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I am working on a simple search form widget, with a built in autocomplete capability (You can download the current version here). The plugin is working, but I am currently rewriting all the code using OOP. One of the problems I came across was the fact the a Wordpress Widget is already a part of the WP_Widget class. I can divide the code into 2 classes. The first one loads all the scripts and css, and initializes the widget. Here is the outline of the code:

class wdSearchForm {

        public function __construct() {
            // Action hook to load widget
            // Register and enqueue styles
            // Register and enqueue scripts

        // register widget in WordPress so that it is available under the widgets section
        public function wd_searchform() {
            register_widget( 'wd_searchform' );

And here is the outline to the widget class:

class wd_searchform extends WP_Widget {

    // Constructor
    function wd_searchform() {


    // The widget itself
    function widget( $args, $instance ) {
        // The widget code

    //Update the widget 
    function update( $new_instance, $old_instance ) {
        // Update code

    function form( $instance ) {
        //Set up widget settings.

I would like to combine the two, in order to use wp_localize_script and load the script with the widget options. How should I do that? Any suggestions are welcome, even if you'll tell me i'm totally in the wrong direction...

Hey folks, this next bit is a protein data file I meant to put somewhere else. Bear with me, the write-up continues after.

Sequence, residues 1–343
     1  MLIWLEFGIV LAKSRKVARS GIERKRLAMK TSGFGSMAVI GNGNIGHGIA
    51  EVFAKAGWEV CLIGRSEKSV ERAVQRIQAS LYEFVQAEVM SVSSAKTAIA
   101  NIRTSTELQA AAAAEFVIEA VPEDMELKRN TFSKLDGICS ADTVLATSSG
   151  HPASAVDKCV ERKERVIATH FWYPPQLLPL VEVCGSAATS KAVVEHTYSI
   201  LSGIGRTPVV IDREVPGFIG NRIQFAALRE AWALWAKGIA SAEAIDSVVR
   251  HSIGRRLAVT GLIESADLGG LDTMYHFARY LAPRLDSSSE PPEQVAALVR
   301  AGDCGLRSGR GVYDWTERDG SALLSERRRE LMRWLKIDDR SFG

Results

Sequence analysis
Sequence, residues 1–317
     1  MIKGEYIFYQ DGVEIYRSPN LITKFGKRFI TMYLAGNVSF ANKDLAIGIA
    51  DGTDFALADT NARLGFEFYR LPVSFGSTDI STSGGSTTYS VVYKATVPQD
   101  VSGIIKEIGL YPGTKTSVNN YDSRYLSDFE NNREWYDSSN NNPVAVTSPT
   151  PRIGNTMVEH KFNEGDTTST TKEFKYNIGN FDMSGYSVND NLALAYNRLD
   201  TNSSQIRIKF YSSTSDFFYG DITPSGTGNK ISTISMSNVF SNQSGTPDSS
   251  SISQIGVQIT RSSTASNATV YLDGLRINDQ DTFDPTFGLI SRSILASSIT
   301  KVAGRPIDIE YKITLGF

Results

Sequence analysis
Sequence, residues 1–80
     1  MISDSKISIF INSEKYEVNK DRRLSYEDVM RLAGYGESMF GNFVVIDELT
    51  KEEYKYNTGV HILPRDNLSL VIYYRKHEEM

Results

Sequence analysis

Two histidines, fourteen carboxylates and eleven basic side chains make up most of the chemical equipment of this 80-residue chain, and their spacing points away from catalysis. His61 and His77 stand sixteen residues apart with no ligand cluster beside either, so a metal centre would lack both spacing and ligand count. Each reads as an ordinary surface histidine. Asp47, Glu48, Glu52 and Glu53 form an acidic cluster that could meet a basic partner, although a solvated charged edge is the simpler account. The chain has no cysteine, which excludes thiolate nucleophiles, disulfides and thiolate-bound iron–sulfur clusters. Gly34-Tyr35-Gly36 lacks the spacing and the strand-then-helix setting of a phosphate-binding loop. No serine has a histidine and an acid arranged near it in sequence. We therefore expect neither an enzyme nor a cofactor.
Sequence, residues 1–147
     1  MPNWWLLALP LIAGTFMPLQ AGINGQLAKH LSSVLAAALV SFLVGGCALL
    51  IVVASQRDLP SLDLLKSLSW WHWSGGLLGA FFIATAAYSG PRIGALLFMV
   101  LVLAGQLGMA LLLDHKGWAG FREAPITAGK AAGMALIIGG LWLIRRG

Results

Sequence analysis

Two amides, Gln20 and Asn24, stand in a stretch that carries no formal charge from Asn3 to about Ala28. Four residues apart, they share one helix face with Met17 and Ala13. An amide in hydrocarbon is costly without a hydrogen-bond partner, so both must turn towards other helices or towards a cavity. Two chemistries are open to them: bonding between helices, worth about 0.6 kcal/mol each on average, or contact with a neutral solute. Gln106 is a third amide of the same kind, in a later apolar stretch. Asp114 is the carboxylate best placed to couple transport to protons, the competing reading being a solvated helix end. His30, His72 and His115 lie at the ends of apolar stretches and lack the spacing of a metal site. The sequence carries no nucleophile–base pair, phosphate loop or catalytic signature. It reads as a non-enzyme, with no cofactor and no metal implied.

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You should use the widget boilerplate here. – Mr2P Jan 13 '13 at 18:55
up vote 9 down vote accepted

You can simply put your init code within the constructor of the class. For example:

class myWidget extends WP_Widget{

    function myWidget(){
       // Init code here

    function widget( $args, $instance ) {
       // The widget code


   // Over methods...



My preference is to actually put the enqueue calls within the shortcode handling function to avoid the overhead and potential conflicts associated with loading JavaScript and stylesheets that aren't being used on a given page.

share|improve this answer
Thank you @Stephen. Can you elaborate on putting enqueue calls within the shortcode handling function? – Yoav Kadosh Jan 13 '13 at 19:05
Place your wp_enqueue_ calls within the method that actually handles the shortcode/widget processing. This way you don't enqueue the JS and styles unless the shortcode/widget is actually used on a given page. See edits above. – Stephen Jan 13 '13 at 19:12

Your code is PHP4 style. PHP4 styled code should not be used anymore. And just putting some functions inside a class construct is not OOP. If you want to write reusable code, separate your code.

For example:

class Widget_Setup
    public $widget_class  = '';
    public $admin_styles  = array();
    public $admin_scripts = array();
    public $front_styles  = array();
    public $front_scripts = array();

    public $script_defaults = array(
        'handle'    => '',
        'src'       => '',